Chimera: Levitating Tongues
Thursday 20 October 2022
Vocal performance and one-off screening with composers Ceylan Hay and Shiori Usui
University of Dundee
Channelling a fantastical spirit, Levitating Tongues is a vocal-based performance by playful composers Ceylan Hay and Shiori Usui.
The performance will be set within Nashashibi/Skaer's exhibition Chimera and will be contextualised by a unique screening of the artists' film Bear, featuring a special soundtrack developed in collaboration with Cantonese opera artist Zhuo Peili. Levitating Tongues will unleash your inner mythological beast.
This screening and performance is part of the series of events accompanying the exhibition Chimera by Nashashibi/Skaer.
Book free tickets via Eventbrite.
The music of Ceylan Hay (aka Bell Lungs) can be described as alchemical, often starting a journey in one direction before transmogrifying into something else entirely by some unseen sleight of hand. Like turning the dial on a radio, there’s no knowing what sounds might be thrown up from the cacophonous jukebox of her mind which is just as likely to drop in a Ronan Keating cover as pay homage to Meredith Monk while delivering sets dripping with punch in the gut emotion. A prolific collector of instruments, she mostly plays violin, guitar, keys and tuned percussion, while trying to bend her voice in as many different directions as possible. She has appeared at events as various as Copenhagen Jazz Festival 2019, Supernormal 2019, Edinburgh Art Festival 2019, SONICA 2019 and Fort Process 2018, and was recently the Musician in Residence for Stranraer's Unexpected Garden, where she wrote songs about globe artichokes and borage. A vocal member of Glasgow Improvisers Orchestra since 2017, Ceylan also composes for theatre, dance and silent film livescores and was recently commissioned by the British Film Institute to co-compose a new score for Maya Deren's Meshes of the Afternoon (with harpist Aurora Engine). When not making music, Ceylan can be found making beeswax candles and singing sea shanties while coastal rowing.
Originally from Japan, Shiori Usui is a BBC Proms commissioned composer and improviser based in Scotland. The Times newspaper described her as a composer with “entirely individual ears” after the successful premiere of the piece “Liya-pyuwa” for piano quintet at Wigmore Hall, London in 2006.
Shiori has produced works in radical instrumental music, and has worked with motion capturing sensors and biophysical technology. Many of her compositions are inspired by the sounds of the human body, the deep sea, and many other weird and wonderful organisms living on Earth. Shiori is currently conducting the second research and development of a project in hydro-pool with/for disabled young people, using sound and music in water as the core materials of the sensory theatre show.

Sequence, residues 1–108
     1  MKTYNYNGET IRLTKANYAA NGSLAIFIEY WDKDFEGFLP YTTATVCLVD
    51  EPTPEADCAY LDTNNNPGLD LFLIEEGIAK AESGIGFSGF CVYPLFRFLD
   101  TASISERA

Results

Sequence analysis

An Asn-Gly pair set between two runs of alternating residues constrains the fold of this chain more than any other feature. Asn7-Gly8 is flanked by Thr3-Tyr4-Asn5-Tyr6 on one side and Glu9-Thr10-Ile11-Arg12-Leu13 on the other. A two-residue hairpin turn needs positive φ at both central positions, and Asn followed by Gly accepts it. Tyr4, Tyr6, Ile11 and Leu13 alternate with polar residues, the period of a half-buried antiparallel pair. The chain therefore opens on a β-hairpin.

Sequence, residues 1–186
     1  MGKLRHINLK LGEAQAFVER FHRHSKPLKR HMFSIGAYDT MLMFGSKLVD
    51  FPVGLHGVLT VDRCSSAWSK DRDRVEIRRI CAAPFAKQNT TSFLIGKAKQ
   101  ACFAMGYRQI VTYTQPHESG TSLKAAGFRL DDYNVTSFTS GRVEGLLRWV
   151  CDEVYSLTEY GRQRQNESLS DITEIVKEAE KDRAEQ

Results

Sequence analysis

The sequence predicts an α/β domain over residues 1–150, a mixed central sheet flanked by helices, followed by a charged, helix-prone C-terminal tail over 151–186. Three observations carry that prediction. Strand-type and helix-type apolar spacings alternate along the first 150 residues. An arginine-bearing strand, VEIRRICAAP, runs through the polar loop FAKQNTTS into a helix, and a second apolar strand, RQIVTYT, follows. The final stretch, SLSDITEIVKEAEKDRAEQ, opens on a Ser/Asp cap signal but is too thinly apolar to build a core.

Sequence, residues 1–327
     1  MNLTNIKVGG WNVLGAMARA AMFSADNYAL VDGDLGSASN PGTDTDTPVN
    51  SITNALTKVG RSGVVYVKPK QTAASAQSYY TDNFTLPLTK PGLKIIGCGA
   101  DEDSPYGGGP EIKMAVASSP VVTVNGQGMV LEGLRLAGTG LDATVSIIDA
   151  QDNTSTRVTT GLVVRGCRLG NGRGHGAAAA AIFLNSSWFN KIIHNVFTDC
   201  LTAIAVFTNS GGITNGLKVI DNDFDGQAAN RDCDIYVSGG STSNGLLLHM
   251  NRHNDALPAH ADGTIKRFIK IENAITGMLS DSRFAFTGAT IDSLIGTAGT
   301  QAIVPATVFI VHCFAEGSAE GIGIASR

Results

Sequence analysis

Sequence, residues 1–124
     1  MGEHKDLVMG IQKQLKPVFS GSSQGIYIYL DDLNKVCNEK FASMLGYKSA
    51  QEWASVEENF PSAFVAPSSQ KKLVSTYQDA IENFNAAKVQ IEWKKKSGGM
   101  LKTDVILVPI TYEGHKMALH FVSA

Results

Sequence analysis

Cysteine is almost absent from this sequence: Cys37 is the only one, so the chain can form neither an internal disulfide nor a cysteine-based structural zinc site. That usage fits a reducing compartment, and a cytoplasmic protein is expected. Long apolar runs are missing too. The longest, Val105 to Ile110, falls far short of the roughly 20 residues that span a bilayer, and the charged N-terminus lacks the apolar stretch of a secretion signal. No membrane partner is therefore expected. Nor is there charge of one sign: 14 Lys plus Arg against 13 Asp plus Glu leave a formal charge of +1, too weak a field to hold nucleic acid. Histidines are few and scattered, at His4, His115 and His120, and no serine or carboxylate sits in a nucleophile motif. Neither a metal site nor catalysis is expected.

Shiori has been a recipient of numerous awards and fellowships, including Toru Takemitsu Composition Award 2012, Civitella Ranieri Music Fellowship in conjunction with the UNESCO-Aschberg Bursary (2010), BBC Scottish Symphony Orchestra/Cove Park composer’s residency (2012), Birmingham Contemporary Music Group/Sound and Music composer-in-residence (2013-2014), Scottish Chamber Orchestra Connect Fellow funded by BBC Performing Arts Fund (2013-2014) for working with children with additional support needs, Ricordi Lab publishing deal from Ricordi Berlin (2016), Scottish Awards for New Music for large ensemble (2018) and Awards for Artists by Paul Hamlyn Foundation (2019).
As a composer, Shiori has worked with numerous international ensembles and orchestras including BBC Scottish Symphony Orchestra conducted by Ilan Volkov, Collegium Novum Zurich conducted by Peter Rundel, Philharmonisches Orchester Cottbus conducted by Alexander Merzyn, and Birmingham Contemporary Music Group conducted by Martyn Brabbins. As an improvising musician, Shiori has performed with artists and groups such as Arve Henriksen, Ilan Volkov, Rie Nakajima, Lee Patterson, Cato, Grey Area, BCMG and Collegium Novum Zurich.
The gallery is on two floors. First floor has ramped access and disabled toilet.
Second floor is accessible via lift and for wheelchair access via a stairclimber over 5 steps. The performance will take place on the second floor.
Please email in advance if you require lift or stairclimber access so we can arrange support.
Large print versions of the exhibition information handout are available, please ask our Guides.
All enquiries please contact: email@example.com
Read a response to the event by writer Cheryl McGregor on Cooper Gallery Notes.
Header: Nashashibi/Skaer, Bear, 2021 (film still)
Gallery: Levitating Tongues, performance. Photography by Sarah Smart.
Video: Levitating Tongues, performance. Video by Sarah Smart.
Chimera is supported by the National Lottery through Creative Scotland and British Council.